How is extraocular muscle weakness characterized in patients with myasthenia gravis (MG)?

Updated: Aug 27, 2018
  • Author: Abbas Jowkar, MD; Chief Editor: Nicholas Lorenzo, MD, MHA, CPE  more...
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Answer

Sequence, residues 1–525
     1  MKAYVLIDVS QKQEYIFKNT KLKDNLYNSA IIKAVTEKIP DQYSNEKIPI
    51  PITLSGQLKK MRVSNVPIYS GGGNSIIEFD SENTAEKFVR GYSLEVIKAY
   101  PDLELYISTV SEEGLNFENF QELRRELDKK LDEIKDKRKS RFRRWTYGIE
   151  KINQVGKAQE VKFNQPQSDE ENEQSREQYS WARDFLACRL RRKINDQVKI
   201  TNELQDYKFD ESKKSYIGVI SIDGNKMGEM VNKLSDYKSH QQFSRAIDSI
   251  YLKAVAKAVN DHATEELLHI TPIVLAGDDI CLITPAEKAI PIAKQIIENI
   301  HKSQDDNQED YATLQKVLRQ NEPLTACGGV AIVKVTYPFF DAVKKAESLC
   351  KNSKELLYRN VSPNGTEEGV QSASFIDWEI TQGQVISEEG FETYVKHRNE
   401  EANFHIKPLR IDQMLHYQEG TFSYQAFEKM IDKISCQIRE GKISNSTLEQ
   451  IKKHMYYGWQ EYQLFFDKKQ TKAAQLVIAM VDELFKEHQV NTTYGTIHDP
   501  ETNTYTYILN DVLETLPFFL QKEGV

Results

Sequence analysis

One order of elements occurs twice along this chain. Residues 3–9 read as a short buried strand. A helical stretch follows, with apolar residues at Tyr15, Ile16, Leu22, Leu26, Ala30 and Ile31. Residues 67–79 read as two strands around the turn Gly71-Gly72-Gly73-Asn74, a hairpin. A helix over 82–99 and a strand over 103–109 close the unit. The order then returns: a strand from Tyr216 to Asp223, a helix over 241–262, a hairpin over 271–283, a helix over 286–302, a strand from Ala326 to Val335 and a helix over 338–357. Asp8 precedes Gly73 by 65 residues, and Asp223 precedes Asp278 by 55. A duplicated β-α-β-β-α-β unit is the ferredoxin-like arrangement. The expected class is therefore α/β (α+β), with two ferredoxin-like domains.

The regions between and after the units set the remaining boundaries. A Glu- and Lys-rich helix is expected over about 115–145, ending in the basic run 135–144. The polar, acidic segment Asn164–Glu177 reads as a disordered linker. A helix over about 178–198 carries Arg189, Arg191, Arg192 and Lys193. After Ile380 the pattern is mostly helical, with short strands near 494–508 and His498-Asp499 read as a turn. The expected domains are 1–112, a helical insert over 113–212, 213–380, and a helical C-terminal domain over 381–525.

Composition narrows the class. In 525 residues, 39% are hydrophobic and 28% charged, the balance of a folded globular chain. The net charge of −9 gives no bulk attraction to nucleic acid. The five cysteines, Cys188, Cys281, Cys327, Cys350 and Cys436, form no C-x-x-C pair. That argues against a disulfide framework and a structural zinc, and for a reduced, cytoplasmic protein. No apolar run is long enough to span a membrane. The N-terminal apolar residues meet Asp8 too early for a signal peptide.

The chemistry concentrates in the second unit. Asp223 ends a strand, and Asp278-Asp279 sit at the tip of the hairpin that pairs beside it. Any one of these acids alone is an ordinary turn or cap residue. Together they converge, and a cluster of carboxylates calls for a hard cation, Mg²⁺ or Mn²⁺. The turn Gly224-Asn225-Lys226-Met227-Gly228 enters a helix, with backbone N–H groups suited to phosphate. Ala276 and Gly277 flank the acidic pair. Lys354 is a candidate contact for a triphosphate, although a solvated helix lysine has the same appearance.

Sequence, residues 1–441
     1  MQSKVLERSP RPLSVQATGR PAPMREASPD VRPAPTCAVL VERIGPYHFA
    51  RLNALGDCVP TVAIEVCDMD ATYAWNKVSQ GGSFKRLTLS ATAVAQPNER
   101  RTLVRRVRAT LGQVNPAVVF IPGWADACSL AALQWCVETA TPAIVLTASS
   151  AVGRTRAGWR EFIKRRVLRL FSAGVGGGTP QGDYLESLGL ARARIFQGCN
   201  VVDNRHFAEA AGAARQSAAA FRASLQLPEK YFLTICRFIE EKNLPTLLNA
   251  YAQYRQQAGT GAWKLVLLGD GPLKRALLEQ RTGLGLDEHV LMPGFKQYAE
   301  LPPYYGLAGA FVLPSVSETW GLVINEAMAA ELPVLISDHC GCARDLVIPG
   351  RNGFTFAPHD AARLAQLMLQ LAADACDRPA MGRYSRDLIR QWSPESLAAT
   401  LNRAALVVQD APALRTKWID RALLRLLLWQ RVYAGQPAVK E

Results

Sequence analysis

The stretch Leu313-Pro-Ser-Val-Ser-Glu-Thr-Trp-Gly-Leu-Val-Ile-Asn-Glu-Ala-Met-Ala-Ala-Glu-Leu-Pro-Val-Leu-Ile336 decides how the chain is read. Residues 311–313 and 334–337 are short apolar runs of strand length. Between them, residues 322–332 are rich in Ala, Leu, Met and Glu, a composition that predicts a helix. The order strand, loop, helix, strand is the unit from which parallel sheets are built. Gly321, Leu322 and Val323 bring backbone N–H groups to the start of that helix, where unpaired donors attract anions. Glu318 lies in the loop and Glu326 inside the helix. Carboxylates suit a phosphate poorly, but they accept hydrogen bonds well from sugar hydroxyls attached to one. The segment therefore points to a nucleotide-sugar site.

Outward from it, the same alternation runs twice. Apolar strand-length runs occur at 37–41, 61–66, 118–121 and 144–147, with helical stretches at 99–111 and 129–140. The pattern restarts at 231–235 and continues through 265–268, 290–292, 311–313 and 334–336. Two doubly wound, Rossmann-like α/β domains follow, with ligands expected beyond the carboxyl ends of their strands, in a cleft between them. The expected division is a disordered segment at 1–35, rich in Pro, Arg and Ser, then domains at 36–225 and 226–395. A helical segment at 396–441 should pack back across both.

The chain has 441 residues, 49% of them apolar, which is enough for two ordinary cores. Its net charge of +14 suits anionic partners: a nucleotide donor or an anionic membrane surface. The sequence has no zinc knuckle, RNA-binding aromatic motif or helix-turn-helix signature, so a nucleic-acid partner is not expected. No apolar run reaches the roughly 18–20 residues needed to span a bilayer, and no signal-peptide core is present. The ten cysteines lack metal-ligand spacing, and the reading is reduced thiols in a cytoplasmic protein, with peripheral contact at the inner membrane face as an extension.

Typically, extraocular muscle weakness is asymmetric. The weakness usually affects more than 1 extraocular muscle and is not limited to muscles innervated by a single cranial nerve; this is an important diagnostic clue. The weakness of lateral and medial recti (more commonly involved) may produce a pseudointernuclear ophthalmoplegia, described as limited adduction of 1 eye, with nystagmus of the abducting contralateral eye on attempted lateral gaze. Pupillary responses are normal. Cogan’s lid twitch describes a brief momentary twitch seen in an eyelid that is elevated on rest. Following sustained downgaze the patient is asked to bring the eyes back up to the primary gaze position. The upper eyelid briefly overshoots resulting in exposure of the sclera between the upper limbus and upper eyelid, followed by a rapid drop to a lower position and return of ptosis of the eyelid. The “twitch” is the momentary elevation of the eyelid before it drops due to fatigue of the levator palpebrae superioris muscle. This sign is not unique to MG and may be seen in dorsal brain stem glioma and menigioma.


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